Opinion | Blame it on the Israel-Gaza conflict


For the publisher:

Re “Israel must rout Hamas for peace” (column, May 14):

Bret Stephens should define precisely what he means by the rout of Hamas and what the day after such a rout looks like.

Yes, a more stable outcome for all would be a general perception that Hamas miscalculated and harmed Palestinian interests. It is much easier said than done. And we need to be especially careful at this time when all the actions taken by the Israeli leadership against Hamas pave the way for a fifth round of the elections that Prime Minister Benjamin Netanyahu would try to win.

Mr. Stephens agrees that Israel made many mistakes before the fighting. But it fails to capture the madness and irresponsible behavior on Israel’s side, especially Prime Minister Netanyahu, Public Security Minister Amir Ohana, and the Israel Police.

As Mr. Stephens notes, Hamas launched this campaign as part of a deeply cynical effort to achieve primacy as leader of the Palestinian national movement. But the Israeli leadership provided Hamas with an opportunity.

So yes, Hamas is bad. Maybe we in Israel should have been more careful. And especially now, we have to be.

Daniel Sherman
Modiin, Israel
The writer is a former senior staff officer in the Israel Defense Forces who has dealt with issues of strategic planning and the peace process.

For the publisher:

Regarding “The United States should make aid to Israel conditional on conflict reduction” (column, May 13):

Nicholas Kristof is right when he mentions that Israel once allowed the rise of Hamas as a counterweight to the Palestine Liberation Organization. But Israel has done more than “allow”.

In 1981, Brig. General Yitzhak Segev, Israeli military governor of Gaza, told me that he was giving money to the Muslim Brotherhood, the forerunner of Hamas, on instructions from the Israeli authorities. The funding was intended to divert power from communist and Palestinian nationalist movements in Gaza, which Israel saw as more threatening than the fundamentalists.

Judging from a distressed phone call I later received from the army spokesman, General Segev’s superiors were not happy with his disclosure of a practice that did not seem very smart, even then. They mistakenly thought – but apparently wished – that he had made his comments unofficially.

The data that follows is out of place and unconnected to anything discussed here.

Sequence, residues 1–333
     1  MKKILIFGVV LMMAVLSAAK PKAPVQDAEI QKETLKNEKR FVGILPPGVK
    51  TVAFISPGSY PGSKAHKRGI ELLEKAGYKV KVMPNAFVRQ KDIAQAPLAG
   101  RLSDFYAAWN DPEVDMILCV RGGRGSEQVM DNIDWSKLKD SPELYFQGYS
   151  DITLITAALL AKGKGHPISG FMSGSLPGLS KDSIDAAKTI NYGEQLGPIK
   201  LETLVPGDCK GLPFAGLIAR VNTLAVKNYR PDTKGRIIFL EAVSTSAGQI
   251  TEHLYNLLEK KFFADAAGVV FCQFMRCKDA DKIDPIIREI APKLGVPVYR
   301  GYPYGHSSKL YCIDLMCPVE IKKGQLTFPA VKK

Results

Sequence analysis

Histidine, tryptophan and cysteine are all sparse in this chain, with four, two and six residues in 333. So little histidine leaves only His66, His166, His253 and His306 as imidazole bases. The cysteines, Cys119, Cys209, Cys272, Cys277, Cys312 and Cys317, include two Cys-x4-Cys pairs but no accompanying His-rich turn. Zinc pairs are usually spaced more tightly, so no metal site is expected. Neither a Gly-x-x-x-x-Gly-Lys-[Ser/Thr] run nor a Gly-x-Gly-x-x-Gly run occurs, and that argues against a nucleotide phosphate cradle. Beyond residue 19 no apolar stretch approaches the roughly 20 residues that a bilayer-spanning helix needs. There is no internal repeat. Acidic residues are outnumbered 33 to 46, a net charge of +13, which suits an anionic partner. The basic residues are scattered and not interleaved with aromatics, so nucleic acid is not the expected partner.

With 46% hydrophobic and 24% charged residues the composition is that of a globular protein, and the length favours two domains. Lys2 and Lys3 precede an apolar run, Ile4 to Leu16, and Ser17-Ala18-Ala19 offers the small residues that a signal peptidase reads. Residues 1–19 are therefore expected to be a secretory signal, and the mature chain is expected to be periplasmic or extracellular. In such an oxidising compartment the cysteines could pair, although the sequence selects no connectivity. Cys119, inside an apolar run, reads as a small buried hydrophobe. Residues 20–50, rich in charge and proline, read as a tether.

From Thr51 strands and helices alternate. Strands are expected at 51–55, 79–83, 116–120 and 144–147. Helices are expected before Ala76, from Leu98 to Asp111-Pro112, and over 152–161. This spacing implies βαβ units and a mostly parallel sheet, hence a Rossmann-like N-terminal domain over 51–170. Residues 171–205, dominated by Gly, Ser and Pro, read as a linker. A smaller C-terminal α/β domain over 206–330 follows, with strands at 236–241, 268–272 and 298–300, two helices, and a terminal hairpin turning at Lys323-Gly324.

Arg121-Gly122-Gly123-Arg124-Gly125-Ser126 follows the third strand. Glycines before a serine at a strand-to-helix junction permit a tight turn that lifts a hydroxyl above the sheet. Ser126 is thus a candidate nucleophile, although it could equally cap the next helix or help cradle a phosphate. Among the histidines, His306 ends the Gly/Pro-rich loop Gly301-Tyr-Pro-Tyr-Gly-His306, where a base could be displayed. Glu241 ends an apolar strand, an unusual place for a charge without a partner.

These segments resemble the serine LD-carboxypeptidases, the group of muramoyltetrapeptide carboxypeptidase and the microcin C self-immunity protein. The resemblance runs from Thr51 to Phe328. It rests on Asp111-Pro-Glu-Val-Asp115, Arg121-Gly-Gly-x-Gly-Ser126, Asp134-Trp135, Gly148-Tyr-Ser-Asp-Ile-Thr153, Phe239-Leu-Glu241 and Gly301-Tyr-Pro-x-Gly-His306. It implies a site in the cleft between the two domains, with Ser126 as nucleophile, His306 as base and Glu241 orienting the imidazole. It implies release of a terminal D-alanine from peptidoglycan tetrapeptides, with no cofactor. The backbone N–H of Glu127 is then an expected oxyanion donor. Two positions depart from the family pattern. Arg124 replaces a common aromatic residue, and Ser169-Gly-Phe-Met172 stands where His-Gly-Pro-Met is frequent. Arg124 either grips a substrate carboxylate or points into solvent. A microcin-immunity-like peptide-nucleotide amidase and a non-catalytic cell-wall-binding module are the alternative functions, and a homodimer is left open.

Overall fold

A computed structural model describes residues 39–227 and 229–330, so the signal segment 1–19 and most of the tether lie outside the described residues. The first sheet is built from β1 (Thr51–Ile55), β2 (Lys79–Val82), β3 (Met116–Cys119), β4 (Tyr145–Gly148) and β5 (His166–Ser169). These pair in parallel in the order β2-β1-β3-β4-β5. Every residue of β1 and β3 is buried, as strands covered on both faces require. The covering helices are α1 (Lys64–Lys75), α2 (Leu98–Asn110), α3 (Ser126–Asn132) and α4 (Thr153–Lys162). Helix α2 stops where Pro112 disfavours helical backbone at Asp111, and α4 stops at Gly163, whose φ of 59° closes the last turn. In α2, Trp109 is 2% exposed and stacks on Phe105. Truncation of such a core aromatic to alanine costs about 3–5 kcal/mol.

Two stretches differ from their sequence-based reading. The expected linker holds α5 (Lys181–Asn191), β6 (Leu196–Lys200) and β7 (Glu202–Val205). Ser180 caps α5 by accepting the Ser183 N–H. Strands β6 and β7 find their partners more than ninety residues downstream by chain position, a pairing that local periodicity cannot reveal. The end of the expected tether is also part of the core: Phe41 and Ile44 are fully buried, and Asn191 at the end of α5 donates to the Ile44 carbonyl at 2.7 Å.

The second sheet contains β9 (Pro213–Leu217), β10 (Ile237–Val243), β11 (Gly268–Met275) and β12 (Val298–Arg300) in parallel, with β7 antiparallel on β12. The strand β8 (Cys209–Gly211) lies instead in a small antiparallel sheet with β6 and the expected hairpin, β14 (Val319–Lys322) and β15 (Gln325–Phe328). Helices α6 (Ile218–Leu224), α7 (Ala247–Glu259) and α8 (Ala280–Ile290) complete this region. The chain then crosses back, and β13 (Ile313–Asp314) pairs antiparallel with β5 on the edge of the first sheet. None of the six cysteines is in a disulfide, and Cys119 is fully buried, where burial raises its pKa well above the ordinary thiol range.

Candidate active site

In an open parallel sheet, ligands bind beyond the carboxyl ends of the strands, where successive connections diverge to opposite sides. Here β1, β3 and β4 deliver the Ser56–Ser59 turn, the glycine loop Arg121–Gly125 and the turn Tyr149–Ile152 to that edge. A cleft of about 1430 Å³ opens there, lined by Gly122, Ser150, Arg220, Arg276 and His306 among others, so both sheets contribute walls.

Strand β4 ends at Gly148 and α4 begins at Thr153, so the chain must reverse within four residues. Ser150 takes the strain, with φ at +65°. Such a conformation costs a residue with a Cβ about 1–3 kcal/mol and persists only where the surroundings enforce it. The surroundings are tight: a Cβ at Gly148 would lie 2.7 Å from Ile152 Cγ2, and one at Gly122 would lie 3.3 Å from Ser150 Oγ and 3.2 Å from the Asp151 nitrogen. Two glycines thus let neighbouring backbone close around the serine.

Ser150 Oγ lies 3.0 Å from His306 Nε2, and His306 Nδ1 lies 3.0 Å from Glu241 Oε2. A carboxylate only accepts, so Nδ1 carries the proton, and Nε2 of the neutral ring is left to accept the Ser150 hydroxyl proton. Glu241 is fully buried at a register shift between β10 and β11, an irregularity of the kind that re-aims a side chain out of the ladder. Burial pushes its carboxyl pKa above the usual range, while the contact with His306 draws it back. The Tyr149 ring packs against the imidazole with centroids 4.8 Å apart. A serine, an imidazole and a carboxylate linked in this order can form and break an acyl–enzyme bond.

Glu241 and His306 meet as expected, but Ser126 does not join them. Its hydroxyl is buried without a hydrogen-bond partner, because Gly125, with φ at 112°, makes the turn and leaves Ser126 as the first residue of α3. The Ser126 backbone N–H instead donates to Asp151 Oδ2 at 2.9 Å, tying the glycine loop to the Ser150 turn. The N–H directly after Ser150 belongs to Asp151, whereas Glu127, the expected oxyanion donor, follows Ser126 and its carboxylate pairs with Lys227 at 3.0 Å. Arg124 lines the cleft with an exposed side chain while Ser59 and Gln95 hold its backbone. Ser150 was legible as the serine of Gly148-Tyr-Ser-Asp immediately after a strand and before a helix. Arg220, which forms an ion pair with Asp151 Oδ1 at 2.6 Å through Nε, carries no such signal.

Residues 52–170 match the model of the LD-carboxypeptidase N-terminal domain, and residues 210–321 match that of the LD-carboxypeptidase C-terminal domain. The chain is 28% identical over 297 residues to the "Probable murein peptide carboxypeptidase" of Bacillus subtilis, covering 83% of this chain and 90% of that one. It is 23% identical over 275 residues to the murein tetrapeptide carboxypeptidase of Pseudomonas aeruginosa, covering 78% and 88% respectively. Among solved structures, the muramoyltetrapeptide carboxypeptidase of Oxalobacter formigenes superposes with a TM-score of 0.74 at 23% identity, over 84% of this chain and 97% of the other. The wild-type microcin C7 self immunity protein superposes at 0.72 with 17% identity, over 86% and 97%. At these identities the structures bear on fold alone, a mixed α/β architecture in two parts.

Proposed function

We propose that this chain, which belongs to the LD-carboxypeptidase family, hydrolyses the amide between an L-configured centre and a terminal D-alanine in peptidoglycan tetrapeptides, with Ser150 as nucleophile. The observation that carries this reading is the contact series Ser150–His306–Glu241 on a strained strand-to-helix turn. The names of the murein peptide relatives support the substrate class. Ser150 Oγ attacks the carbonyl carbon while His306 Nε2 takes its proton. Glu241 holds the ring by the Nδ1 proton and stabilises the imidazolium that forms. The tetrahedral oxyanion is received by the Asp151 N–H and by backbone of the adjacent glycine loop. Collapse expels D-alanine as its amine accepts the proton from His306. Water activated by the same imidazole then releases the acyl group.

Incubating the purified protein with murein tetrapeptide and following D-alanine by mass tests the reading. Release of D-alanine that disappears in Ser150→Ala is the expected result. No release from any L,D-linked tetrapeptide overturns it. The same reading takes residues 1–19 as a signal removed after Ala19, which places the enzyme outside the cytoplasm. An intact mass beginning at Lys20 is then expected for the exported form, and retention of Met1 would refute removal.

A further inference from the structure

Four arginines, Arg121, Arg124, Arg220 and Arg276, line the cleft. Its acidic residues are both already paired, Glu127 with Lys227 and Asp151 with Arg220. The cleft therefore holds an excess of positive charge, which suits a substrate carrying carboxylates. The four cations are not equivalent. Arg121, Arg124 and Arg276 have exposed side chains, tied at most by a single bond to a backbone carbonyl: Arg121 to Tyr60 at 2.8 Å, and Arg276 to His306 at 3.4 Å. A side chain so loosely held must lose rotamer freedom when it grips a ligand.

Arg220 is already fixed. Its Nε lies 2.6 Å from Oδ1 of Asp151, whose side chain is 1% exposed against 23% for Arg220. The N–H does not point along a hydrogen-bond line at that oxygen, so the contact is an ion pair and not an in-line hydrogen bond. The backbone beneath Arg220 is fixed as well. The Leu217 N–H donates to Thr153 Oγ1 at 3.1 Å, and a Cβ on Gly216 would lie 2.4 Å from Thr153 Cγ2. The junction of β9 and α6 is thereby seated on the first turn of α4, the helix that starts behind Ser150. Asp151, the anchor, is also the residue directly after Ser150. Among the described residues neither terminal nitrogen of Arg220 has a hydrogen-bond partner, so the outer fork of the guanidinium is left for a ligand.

David K. Shipler
Chevy Chase, Md.
The writer was the Times bureau chief in Jerusalem from 1979 to 1984.

For the publisher:

Re “We need a new approach in the Middle East” (guest essay, May 15):

I do not dispute Bernie Sanders’ plea for the rights of the Palestinian people. But he blames the contempt for these rights primarily on Israel.

These rights are compromised by the very government of Gaza, which is supposed to protect them. Hamas launches rockets at Israel from densely populated civilian areas, knowing full well that Israel will retaliate to destroy the source. Innocent civilians will be killed.

Protecting Palestinians begins with Hamas. It is Hamas that must place the rights of its citizens above its visceral hatred of Israel.

Ellen shaffer meyer
Wilmington, Del.

For the publisher:

Bernie Sanders says, “We are seeing the rise of a new generation of activists who want to build societies based on human need and political equality.”

It is a wonderful and utopian thought, but when Hamas’s stated goal is the destruction of the State of Israel, and the Hamas leadership refuses to negotiate with Israel and terrorizes Israeli civilians, it does not matter who the leader is. Prime Minister, this person cannot focus only on human needs and political equality. Israel’s leaders must focus on survival.

Geraldine Wolk
Bronx

For the publisher:

Re “Civilian deaths on both sides raise specter of war crimes” (front page, May 17):

Is it a war crime when civilians are collateral damage if military targets are the reason for the attack? Is it a war crime if the target of the bombs or rockets is civilians where there is no military target?

Edward gilbert
Studio City, California

For the publisher:

Re “Democrats Fracture Over Israel Stance” (front page, May 16):

As an American Jew and Zionist, I have been appalled by the Trump administration’s support for right-wing religious extremists in the United States and Israel.

I have always despaired of Prime Minister Benjamin Netanyahu’s agenda. The abuses against the Palestinian people by the Israeli and American governments go against the civic and religious definitions of justice that are said to be at the heart of both countries.

It breaks my heart. You don’t have to be progressive to protest.

Annlinn kruger
Bar Harbor, Maine


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